The chart below shows the US Current Account (current in deficit of -112.82 billion) versus the US Dollar Index since 2000. The current account deficit started improving in mid-2006 (just before the credit crunch and likely a contributing factor—see Triffin dilemma) and the US dollar has followed. So, if the current account improves further as the WSJ and others suggest, does it make sense to be dollar bearish, at least longer term?
And of course, there is more in the President’s bag of tricks. This excellent summary, “Trump offers a daring program to restore US dominance,” from David P. Godman, writing in the Asia Times, of the latest US national security report in which President Trump spoke briefly about yesterday. Some excerpts [my emphasis]:
- According to a preliminary copy of the president’s 2017 National Security Strategy obtained by the Asia Times, Trump envisions a radical upgrade in the US industrial base, largescale support for scientific and technical education, and rebuilding of infrastructure, in response to China’s economic and strategic challenge. [Thinking that might be growth positive.]
- The contrast with the two previous administrations is stark. The Trump report praises American values and institutions but betrays no ambition to remake the world in America’s image after the fashion of George W. Bush. Nor does it accept the slow decline of American influence into a geopolitical mush of multilateralism per the “soft power” conceit of the Obama Administration. It is centered on the American economy, the American homeland, and American interests, but it proposes a rough-edged activism where American interests are threatened that will make the world a less predictable place during the next several years. [Hoping this isn’t a green-light for neo-cons of course.]
- The report embraces the term “America First,” by which Trump means that national security depends first of all on fixing what is wrong in America: a shrinking industrial base, disrepair in infrastructure, sagging innovation, inadequate scientific and technical education, and an excessive federal debt burden. [Bingo! Work on the problems here first before we tell others what they should be doing. This is exactly why we “deplorables” voted for him.]
- Early press coverage already has misrepresented the report as a trade-war screed. It is nothing of the sort: on the contrary, it repudiates the complacency of the past several administrations who presided over a gradual deterioration of America’s competitive and strategic position. [Bingo! Tilt!]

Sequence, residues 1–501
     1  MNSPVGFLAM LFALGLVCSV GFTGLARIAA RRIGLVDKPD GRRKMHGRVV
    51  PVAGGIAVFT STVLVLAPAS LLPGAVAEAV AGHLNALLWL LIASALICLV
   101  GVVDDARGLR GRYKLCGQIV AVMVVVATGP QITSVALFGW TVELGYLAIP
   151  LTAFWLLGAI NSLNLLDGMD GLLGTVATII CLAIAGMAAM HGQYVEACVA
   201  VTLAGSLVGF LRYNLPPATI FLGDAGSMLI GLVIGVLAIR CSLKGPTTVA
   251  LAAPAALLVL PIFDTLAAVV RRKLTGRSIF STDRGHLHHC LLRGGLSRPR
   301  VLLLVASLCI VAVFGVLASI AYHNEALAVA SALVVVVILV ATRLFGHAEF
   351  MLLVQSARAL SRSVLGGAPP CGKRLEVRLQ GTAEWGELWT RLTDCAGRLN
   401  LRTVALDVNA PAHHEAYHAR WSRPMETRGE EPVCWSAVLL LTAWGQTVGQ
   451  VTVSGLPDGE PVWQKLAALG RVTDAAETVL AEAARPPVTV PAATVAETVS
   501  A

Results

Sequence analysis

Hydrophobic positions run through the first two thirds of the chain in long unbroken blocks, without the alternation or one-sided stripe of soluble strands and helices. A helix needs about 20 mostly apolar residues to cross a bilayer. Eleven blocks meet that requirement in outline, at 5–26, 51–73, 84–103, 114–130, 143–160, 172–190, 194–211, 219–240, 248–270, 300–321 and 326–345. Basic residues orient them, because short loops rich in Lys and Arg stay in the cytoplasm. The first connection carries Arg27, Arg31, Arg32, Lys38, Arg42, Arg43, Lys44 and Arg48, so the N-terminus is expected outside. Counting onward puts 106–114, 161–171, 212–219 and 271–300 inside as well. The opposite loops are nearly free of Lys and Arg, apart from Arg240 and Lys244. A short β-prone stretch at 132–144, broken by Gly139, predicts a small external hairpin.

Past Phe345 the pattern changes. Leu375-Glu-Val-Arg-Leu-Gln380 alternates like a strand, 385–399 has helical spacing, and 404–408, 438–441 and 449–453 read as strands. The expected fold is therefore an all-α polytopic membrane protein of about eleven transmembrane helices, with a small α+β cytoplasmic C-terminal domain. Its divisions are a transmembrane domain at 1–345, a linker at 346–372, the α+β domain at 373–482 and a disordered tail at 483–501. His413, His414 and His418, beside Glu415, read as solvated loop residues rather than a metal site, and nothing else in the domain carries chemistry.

- The Trump strategy does not blame America’s competitors for its economic problems, let alone propose a trade war. The term “tariff” does not appear at all in the draft copy reviewed by this publication; ostensible currency manipulation is nowhere mentioned; and the term “dumping” appears only once. Instead, the report takes aim at the industrial policy of Asian nations who “subsidized their industries, forced technology transfers, and distorted markets. These and other actions challenged America’s economic security.” But the next sentence makes clear that America’s injuries for the most part were self-inflicted: “At home, excessive regulations and high taxes stifled growth and weakened free enterprise – history’s greatest antidote to poverty. Each time government encroached on the productive activities of private commerce, it threatened not only our prosperity but also the spirit of creation and innovation that has been key to our national greatness.” [Mana from heaven.]
I have linked the full article above. Lots of interesting stuff in there and well worth the read.
The point in sharing this is to suggest just maybe the US will grow a lot faster than expected in 2018. The framework is there for a self-feeding virtuous flow of money into America.
Granted, words on a paper and implementation are two different things; especially in a world where US politicians have so many conflicting interests they put ahead of the general welfare of the country. But, stranger things have happened.
So, if you are a long-term US dollar bear, you may want to be a cautious one.